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DANCE : A Second Premiere for the Lost 'Cotillon' : The Joffrey Ballet reconstructs George Balanchine's 1932 Ballets Russes ballroom masterwork

April 30, 1989|SUSAN REITER

Ballets generally live or die according to their place in the repertory. Let too many years slip by and suddenly, in spite of the best intentions, a ballet has become "lost," the province of history books and photo archives.

That might have been the fate of George Balanchine's "Cotillon," one of the most conspicuously lamented "lost" ballets of the 20th Century. But thanks to a couple of amateur films, the remembrances of a few performers and two dedicated and experienced historians, the work has been reconstructed. It will be given its Los Angeles premiere during the Joffrey Ballet's spring season at the Music Center beginning May 9.

"Cotillon" was created for the inaugural season of the Ballets Russes de Monte Carlo in 1932. Balanchine choreographed its central role on Tamara Toumanova, at 13 one of the three soon-to-be famous "baby ballerinas." (The other two, Tatiana Riabouchinska and Irina Baronova, also performed leading roles in the work in the years following its premiere.)

It became a staple of the Ballets Russes repertory as the company toured Europe, North and South America and Australia. Its last known performance was in 1946.

The eminent critic Edwin Denby called "Cotillon" the glory of the company's repertory and wrote that "this piece profoundly affected the imagination of the young people of my generation."

In her book "De Basil's Ballets Russes," Katherine Sorley Walker wrote: " 'Cotillon' has haunted the memory of everyone who saw it. Many feel that it should be revived."

Balanchine himself was clearly not among those "many." "He talked about the ballet, but he never talked about bringing it back," recalls Barbara Horgan, the late choreographer's longtime assistant and the administrator of the George Balanchine Trust.

But Robert Joffrey, whose fervent study of dance history resulted in many significant revivals that have helped shape the Joffrey Ballet's profile, felt differently and had been trying since the mid-1970s to reconstruct "Cotillon." Balanchine met Joffrey's requests with amiable dissuasion (although Horgan recalls that Balanchine "was actually rather interested in the research Bob had already started"), but Joffrey continued to press the matter with Balanchine's heirs, who eventually gave him the go-ahead. Last fall, half a year after Joffrey's death, "Cotillon" went on stage for the first time in more than 40 years.

Dance historian Millicent Hodson and art historian Kenneth Archer, the team responsible for the Joffrey Ballet's 1987 reconstruction of Nijinsky's "Le Sacre du Printemps," were enlisted by Joffrey to research and reconstruct "Cotillon."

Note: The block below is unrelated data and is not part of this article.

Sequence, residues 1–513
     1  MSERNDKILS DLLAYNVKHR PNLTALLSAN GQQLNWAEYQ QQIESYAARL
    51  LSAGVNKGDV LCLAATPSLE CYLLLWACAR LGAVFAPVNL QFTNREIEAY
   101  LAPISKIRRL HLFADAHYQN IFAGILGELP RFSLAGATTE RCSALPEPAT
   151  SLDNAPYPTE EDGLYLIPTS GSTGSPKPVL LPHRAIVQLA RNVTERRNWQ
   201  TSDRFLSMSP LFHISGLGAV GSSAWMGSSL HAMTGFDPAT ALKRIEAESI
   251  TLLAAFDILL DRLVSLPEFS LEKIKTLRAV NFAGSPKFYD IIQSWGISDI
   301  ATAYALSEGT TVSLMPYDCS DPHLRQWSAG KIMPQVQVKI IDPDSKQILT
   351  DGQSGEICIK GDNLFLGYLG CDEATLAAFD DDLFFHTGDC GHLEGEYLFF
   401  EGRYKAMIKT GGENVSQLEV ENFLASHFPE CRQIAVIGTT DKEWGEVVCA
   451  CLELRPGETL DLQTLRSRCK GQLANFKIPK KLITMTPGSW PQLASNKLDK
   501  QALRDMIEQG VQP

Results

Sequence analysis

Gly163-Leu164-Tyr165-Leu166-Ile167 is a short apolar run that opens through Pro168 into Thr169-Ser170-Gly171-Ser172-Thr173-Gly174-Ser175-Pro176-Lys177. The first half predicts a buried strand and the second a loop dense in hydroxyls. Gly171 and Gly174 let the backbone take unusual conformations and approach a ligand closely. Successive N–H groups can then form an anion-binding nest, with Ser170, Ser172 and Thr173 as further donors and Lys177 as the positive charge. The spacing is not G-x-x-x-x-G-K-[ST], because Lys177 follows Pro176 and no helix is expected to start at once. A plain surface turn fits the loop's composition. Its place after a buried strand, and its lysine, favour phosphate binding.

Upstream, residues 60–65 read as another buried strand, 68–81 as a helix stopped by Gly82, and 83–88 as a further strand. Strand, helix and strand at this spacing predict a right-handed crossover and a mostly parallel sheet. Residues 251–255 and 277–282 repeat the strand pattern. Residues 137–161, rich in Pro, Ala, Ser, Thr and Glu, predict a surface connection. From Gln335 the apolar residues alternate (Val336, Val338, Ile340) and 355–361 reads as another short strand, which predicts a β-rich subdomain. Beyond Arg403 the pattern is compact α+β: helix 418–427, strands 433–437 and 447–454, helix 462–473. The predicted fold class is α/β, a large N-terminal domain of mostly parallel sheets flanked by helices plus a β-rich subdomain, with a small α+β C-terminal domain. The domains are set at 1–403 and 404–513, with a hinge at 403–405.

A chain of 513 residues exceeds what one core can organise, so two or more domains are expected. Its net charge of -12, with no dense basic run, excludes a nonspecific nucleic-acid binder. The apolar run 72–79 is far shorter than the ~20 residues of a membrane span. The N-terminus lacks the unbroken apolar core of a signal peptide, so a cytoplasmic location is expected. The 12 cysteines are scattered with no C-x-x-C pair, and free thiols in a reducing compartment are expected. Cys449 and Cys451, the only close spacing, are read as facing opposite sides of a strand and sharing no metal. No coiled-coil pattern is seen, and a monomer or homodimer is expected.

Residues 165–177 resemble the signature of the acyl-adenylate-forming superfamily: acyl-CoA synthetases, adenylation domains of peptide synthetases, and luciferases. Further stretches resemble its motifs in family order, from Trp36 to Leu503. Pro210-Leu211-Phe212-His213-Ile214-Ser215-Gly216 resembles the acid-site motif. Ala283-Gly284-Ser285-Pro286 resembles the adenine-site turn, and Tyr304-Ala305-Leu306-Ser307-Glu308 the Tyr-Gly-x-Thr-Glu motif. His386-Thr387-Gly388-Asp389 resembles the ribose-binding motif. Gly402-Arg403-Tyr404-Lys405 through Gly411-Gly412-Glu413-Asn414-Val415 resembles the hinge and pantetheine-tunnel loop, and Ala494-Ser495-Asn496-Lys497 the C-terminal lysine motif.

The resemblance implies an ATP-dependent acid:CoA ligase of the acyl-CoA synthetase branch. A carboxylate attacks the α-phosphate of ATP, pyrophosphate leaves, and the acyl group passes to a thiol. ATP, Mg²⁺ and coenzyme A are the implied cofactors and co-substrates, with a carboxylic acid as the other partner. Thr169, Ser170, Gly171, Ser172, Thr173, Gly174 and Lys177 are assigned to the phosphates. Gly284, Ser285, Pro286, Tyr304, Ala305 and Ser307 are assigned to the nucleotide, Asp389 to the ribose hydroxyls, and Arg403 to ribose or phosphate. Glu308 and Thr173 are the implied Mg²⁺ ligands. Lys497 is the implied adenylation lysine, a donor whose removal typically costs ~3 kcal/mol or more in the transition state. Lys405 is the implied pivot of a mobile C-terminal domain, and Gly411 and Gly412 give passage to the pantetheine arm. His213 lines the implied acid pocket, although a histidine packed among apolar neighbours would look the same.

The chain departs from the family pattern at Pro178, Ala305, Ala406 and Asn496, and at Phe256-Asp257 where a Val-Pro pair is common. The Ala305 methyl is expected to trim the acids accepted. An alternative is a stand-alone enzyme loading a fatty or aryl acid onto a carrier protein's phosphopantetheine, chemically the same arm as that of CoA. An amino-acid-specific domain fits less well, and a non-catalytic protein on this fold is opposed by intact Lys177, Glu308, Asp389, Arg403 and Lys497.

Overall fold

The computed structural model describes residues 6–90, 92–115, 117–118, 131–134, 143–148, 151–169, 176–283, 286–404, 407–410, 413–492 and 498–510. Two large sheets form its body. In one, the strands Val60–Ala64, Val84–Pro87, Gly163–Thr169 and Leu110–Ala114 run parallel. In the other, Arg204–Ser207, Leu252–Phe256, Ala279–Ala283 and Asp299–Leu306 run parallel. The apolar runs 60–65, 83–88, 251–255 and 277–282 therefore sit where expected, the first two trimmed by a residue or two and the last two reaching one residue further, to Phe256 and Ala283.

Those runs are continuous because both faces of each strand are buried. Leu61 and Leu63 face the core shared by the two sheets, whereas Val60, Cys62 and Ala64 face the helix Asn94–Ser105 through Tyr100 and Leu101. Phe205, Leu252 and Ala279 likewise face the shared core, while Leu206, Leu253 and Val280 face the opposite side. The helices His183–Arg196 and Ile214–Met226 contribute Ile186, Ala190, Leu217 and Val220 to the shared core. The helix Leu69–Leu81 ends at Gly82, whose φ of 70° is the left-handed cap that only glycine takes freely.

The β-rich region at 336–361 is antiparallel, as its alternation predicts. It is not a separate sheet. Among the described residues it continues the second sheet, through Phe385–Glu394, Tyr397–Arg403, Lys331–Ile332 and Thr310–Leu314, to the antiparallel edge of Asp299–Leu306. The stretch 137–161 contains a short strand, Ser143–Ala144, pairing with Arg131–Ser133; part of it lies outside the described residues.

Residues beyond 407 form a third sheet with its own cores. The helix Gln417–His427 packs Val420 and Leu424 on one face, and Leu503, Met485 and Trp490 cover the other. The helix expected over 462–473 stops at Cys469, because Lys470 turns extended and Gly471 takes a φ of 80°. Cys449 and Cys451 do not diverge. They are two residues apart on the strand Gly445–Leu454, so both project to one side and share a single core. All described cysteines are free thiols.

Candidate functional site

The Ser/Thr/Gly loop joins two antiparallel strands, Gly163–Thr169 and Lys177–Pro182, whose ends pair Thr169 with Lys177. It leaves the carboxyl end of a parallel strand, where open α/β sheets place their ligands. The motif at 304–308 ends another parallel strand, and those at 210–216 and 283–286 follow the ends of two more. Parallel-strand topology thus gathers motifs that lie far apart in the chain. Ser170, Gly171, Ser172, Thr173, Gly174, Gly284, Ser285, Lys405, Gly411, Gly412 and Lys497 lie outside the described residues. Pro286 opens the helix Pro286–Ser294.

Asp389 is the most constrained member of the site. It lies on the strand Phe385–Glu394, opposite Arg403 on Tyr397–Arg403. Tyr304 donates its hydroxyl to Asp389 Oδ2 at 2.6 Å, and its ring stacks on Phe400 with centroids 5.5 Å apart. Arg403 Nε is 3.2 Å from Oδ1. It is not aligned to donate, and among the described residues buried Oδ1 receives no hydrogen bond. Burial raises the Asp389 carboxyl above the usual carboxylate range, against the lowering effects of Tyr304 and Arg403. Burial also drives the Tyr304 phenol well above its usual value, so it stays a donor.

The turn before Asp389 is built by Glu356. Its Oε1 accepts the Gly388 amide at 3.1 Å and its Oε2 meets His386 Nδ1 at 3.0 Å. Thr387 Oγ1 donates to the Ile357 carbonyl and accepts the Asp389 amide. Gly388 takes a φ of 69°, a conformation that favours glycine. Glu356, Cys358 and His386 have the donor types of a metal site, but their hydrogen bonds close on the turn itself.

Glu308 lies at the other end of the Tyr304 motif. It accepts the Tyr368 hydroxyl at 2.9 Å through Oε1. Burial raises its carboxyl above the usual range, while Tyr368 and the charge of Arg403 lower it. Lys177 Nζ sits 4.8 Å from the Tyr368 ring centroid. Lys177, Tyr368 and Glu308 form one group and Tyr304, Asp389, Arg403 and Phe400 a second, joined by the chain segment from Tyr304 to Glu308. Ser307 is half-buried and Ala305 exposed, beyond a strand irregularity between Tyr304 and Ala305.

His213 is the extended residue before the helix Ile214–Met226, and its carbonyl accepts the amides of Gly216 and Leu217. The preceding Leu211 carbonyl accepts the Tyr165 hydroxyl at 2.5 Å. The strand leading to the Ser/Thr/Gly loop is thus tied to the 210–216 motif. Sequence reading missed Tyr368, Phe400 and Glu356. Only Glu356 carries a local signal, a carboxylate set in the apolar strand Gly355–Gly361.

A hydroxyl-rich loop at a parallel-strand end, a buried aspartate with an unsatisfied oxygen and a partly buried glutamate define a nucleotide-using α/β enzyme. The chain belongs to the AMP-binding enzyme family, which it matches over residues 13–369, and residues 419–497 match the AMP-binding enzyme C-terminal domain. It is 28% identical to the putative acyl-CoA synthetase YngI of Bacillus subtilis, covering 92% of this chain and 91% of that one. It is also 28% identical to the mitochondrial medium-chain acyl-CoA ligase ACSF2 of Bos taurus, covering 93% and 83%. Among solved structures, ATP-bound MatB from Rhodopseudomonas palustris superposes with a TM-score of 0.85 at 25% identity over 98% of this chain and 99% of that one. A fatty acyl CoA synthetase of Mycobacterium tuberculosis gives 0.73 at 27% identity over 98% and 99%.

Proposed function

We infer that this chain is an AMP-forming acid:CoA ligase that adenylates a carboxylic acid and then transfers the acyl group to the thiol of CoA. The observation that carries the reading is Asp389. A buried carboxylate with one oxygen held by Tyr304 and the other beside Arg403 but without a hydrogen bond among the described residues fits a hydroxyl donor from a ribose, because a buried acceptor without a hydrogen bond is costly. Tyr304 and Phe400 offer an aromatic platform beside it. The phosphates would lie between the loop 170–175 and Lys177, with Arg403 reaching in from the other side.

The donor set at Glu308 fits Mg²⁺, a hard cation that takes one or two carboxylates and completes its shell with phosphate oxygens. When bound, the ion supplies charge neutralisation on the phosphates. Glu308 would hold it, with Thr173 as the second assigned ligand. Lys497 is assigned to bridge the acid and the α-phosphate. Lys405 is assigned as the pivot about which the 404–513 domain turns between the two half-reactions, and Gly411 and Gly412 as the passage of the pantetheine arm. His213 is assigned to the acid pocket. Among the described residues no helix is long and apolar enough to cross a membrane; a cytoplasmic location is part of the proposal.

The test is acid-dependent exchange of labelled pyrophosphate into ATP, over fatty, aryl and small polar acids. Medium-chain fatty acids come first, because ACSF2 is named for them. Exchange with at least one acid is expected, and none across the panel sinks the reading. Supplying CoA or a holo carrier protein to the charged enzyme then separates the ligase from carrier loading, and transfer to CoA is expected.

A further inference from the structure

Joffrey's preliminary research on the project had included making contact with former Ballets Russes dancers whose memories of the ballet could offer crucial guidance. In the fall of 1987, Hodson and Archer spent their final evening in New York getting a crash course in the ballet's history and the available research material from Joffrey, who was already ill at the time.

"He mentioned various books and references, and the names of many former dancers. He wanted us to use the same techniques and methodologies we had used for 'Sacre,' " Archer recalled.

Bringing "Cotillon" back to life presented a very different challenge from that offered by the "Sacre" project. In some ways, the Balanchine work offered a luxurious wealth of documentation: two amateur films from the 1930s were available. One was a black-and-white Australian one, which Hodson and Archer had to track down; the other was in color and is in the Dance Collection of the New York Public Library. Both are silent, brief and fragmentary, but both provided information from which the reconstructors could work.

"The essential style of the movement is very visible in the films," remarked Hodson. But while they provided a valuable starting point, the films also left many gaps and discrepancies and required close critical scrutiny. The color film offered important information on the palette of the Christian Berard costumes and scenery, but Archer notes that it had faded considerably and was therefore not a completely reliable reference point.

In one filmed segment of the female ensemble, Hodson noticed that "if you looked at the girls during the opening movement, they were all doing it differently. You have 12 variations on one fact." Balanchine's ties with the Ballets Russes were abruptly

severed after that first season (he moved on to his next venture, Les Ballets 1933), and Hodson surmises that without his eye to keep the ballet in top shape, things had gotten a bit sloppy.

In teaching the work to the Joffrey dancers, Hodson had to select a convincing way to perform this particular movement--one of many such interpretive decisions she and Archer made.

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